Sales reps, teachers among most in demand

Attention job-seekers and college grads: Your best chance of getting a job may be to consider a career in sales, teaching or as a mechanic.

A survey released Thursday by temporary staffing agency Manpower Inc. says that U.S. employers counted those as the top three hardest jobs to fill in 2007.

Other employees that are most sought after included truck drivers, accountants and machine operators, the survey said.

“Sales representative” — which includes everyone from hourly retail workers to white-collar corporate sales experts — also was the hardest job to fill in 2006.

Melanie Holmes, Manpower’s vice president of corporate affairs, said that finding wasn’t too surprising since many companies are boosting sales staffs to fuel revenue growth. Also, forecasters have said demand for sales jobs will increase dramatically in the coming years.

She thinks the crunch could push some employers to offer more flexible schedules or other perks to lure employees.

“We all need to be working towards being the employer of choice in our individual communities or (companies) aren’t going to find and keep the people that we need,” she said.

In other industries, Manpower saw more dramatic changes over 2006. In last year’s survey, for example, engineer and nurse ranked as the second and third hardest jobs to fill, while teacher and mechanic took those spots this year.

Holmes credited the healthcare profession with battling a looming staffing shortage in part by recruiting more nurse's aids who could do less-skilled work. That, in turn, has reduced the shortage of skilled nurses and given them more time for complex tasks.

On the other hand, Holmes said experts are forecasting a need for hundreds of thousands more teachers over the next decade. That, combined with current teachers retiring or leaving the profession, could create big woes in education.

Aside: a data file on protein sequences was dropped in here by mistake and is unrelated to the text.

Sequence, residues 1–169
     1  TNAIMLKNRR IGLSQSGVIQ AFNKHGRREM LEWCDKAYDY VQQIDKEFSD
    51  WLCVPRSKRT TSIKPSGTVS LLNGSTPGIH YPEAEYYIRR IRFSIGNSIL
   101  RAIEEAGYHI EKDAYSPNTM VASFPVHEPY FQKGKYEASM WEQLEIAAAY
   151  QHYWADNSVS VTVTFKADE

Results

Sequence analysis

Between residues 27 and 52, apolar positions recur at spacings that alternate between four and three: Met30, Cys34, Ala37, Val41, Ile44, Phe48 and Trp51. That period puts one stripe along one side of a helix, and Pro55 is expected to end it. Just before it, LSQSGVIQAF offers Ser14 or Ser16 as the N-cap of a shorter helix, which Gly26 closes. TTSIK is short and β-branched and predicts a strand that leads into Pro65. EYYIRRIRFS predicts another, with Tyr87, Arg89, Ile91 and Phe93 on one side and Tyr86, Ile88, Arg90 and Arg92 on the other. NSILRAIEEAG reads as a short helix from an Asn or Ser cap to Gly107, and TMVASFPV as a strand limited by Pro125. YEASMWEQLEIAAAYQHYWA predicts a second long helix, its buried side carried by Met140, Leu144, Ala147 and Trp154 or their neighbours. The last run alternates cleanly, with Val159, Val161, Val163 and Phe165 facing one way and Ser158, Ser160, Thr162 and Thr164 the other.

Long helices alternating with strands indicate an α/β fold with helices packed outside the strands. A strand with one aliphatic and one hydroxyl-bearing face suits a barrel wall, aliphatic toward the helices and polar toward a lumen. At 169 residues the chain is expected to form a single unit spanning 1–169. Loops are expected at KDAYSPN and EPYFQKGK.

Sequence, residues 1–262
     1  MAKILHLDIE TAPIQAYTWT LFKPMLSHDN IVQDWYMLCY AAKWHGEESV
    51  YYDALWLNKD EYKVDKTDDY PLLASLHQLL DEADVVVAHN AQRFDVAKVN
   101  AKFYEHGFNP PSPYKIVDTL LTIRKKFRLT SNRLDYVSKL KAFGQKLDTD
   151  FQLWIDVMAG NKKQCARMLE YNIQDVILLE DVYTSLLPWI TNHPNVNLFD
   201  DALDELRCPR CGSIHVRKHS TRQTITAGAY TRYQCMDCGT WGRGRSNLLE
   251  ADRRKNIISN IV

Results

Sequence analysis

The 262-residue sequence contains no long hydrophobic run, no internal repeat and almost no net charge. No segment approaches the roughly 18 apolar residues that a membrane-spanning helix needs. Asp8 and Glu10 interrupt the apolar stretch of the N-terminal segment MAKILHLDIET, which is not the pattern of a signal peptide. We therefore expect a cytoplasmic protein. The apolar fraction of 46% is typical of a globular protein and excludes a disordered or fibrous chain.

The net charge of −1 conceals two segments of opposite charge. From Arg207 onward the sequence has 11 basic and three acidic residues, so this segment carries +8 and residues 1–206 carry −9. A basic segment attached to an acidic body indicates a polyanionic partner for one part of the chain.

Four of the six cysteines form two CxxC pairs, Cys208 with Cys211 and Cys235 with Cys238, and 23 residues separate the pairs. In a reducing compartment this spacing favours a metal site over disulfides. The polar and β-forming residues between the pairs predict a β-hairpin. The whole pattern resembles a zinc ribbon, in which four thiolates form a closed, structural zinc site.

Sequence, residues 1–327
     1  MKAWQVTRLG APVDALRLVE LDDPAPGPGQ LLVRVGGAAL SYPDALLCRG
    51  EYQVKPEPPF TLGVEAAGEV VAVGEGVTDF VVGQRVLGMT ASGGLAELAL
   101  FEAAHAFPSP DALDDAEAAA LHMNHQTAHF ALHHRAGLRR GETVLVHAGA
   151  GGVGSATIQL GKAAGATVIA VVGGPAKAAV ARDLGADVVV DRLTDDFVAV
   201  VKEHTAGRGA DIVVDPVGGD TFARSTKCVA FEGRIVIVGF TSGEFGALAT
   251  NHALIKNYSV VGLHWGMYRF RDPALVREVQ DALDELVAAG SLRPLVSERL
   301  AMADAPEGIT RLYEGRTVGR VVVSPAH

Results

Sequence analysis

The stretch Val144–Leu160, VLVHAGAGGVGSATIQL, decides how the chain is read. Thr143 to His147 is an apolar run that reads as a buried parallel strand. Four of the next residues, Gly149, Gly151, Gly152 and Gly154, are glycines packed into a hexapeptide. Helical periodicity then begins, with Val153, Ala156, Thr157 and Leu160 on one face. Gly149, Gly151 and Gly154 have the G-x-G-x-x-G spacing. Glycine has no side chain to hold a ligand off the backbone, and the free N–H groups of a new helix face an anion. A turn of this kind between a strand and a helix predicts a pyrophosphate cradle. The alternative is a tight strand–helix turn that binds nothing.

George Jackson, a spokesman for the American Federation of Teachers, said he thinks it has long been difficult to recruit and keep teachers in districts where poverty, crime and behavior problems are rampant. That’s partly because of wages, he said, but teachers in those areas also complain that they don’t receive enough support and professional development.

Jackson also noted that between 40 percent and 50 percent of teachers leave the profession within five years.

“Teacher retention is a problem, because this is a profession that’s difficult,” he said.

Still, Jackson said he doesn’t think this is a new problem that’s increased dramatically just in the past year, but rather an ongoing issue that is especially problematic in inner-city and low-income districts.

The American Federation of Teachers represents about 1.5 million workers in various professions, including about 875,000 teachers.

Overall, Manpower said 41 percent of U.S. employers said they had difficulty filling jobs. That’s down from 44 percent last year, the survey said.

Milwaukee-based Manpower’s survey included nearly 37,000 employers worldwide. In the U.S., about 2,400 companies were surveyed.

Worldwide, the study said the top three hardest jobs to fill were sales representatives, skilled manual trade worker and technician. A skilled manual trade worker typically refers to someone who is trained in a very specific skill, often via an apprenticeship or other formal process.